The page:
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Safety


Protect Your Home from Electrical Fires This year’s Fire Prevention Week campaign—Oct. 6-12


Each year, electrical fail- ures and malfunctions cause 43,900 home fires, resulting in 438 deaths, 1,430 injuries, and $1.47 billion in property dam- age. But many home electrical fires can be prevented simply by understanding basic electri- cal safety principles and follow- ing safe practices. This year’s Fire Prevention Week campaign—Oct. 6-12— focuses on kitchen fires. The Electrical Safety Foundation International (ESFI) and the Na- tional Fire Protection Associa- tion (NFPA) have teamed up to offer safety tips to help protect your home and family: •


Consider having your cir- cuit breakers replaced with arc fault circuit interrupters (AFCIs), which provide enhanced electri- cal fire protection by detecting dangerous arcing conditions. •


Safety should always be the top priority when working with electricity. ESFI recom- mends that a qualified, licensed electrician perform all home electrical work in compliance with local and national safety standards. •


Make sure all electrical panel circuits are properly la- beled. Always replace fuses or circuit breakers with the correct size and amperage. •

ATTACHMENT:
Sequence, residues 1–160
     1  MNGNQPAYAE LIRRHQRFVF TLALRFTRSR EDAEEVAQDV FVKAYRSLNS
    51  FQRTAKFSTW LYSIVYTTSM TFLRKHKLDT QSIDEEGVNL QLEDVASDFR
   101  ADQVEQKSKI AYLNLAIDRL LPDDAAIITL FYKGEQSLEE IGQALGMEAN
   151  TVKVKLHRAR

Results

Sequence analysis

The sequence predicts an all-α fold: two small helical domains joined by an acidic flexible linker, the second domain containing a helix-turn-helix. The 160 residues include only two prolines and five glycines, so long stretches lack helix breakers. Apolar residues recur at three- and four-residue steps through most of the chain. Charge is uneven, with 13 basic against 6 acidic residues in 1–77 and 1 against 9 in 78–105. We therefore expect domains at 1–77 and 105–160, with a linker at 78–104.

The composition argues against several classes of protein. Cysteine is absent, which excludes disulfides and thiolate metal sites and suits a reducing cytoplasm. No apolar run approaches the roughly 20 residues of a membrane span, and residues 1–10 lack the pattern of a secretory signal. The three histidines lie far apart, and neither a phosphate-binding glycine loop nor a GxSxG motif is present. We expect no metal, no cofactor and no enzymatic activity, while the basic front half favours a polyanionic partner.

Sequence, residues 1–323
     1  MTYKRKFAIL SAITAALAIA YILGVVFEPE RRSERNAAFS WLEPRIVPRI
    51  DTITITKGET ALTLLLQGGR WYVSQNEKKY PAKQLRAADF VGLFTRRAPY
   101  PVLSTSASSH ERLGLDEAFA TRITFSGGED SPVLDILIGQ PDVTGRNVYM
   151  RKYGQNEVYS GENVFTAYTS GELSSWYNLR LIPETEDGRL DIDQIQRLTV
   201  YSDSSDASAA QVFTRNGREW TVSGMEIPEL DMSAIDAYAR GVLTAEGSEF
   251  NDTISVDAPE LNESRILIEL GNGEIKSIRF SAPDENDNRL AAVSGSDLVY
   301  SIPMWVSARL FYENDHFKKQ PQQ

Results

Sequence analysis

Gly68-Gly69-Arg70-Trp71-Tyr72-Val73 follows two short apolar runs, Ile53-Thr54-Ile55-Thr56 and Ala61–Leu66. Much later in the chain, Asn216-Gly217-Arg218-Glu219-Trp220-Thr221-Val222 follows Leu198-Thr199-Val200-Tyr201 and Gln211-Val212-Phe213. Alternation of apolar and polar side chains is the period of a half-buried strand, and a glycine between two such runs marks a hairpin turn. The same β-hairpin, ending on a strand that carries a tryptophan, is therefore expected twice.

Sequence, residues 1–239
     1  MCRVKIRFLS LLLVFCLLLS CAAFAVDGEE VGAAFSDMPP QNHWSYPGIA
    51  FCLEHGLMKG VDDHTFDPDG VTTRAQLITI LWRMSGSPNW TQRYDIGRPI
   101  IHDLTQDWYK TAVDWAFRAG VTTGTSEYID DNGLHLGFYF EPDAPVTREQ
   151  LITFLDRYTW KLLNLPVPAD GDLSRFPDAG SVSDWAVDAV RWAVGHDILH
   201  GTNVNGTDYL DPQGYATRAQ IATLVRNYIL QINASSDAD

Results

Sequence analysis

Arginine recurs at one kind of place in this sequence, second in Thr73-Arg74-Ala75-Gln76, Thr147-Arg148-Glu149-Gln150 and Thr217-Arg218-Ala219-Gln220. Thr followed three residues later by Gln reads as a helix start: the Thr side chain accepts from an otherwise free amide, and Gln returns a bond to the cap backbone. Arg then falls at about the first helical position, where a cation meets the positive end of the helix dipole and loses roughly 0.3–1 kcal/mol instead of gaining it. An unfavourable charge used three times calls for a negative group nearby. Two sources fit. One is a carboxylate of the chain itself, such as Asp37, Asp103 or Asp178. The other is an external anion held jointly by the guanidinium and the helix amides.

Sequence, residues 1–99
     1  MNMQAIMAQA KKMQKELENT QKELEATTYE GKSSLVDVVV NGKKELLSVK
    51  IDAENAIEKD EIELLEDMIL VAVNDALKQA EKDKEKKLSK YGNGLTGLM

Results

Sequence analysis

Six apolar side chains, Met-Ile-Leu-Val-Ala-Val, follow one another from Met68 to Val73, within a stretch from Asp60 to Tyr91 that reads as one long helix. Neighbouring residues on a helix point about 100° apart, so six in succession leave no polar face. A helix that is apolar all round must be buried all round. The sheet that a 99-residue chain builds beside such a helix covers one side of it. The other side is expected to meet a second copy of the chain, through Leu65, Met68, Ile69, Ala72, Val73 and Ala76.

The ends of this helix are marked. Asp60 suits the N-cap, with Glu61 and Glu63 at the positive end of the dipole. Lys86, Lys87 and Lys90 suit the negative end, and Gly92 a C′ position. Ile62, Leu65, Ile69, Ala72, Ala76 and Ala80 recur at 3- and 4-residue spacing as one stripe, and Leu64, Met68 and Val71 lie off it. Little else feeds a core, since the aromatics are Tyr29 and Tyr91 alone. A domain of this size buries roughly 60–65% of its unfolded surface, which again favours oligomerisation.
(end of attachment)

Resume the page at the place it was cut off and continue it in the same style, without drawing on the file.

Keep the area around


the electrical panel clear so you can easily shut off power in an


emergency. •


Every month, use the


TEST button to check that ground fault circuit interrupters (GFCIs) at outlets and AFCIs are working properly. •


every level of the home. •


Test smoke alarms every


month by pushing the TEST button. •


Create a family fire


Be mindful of warning signs of an electrical problem, such as outlets and switches that are warm or make crack- ling, sizzling, or buzzing noises. •


Regularly check cords, outlets, switches, and appli- ances for signs of damage. Do not use damaged electrical devices. •


lets. •


Avoid overloading out- Do not use lightbulbs


escape plan that includes two ways out of each room. •


Pick an easy-to-find


meeting place outside, a safe distance from your home. •


Do not use extension cords on a permanent basis, and never use them with space heaters or air conditioners. •


that exceed the recommended wattage of the light fixture or lamp.


Despite your best efforts at prevention, a fire could still happen. Fol- low these tips to make sure your family is pre- pared to make a safe escape: •


Install


smoke alarms inside each bed- room, outside each sleeping area, and on


Kay Electric Cooperative • 3


If anyone in your house- hold is deaf, or if your own hearing is diminished, consider installing a smoke alarm that uses a flashing light or vibration to alert you to a fire emergency.


Practice your escape plan by having at least two fire drills a year. One fire drill should be at night while your family is sleeping. •


Visit www.esfi.org for more home electrical safety informa- tion and for ESFI’s Fire Preven- tion Week resources. —Electrical Safety Foundation International


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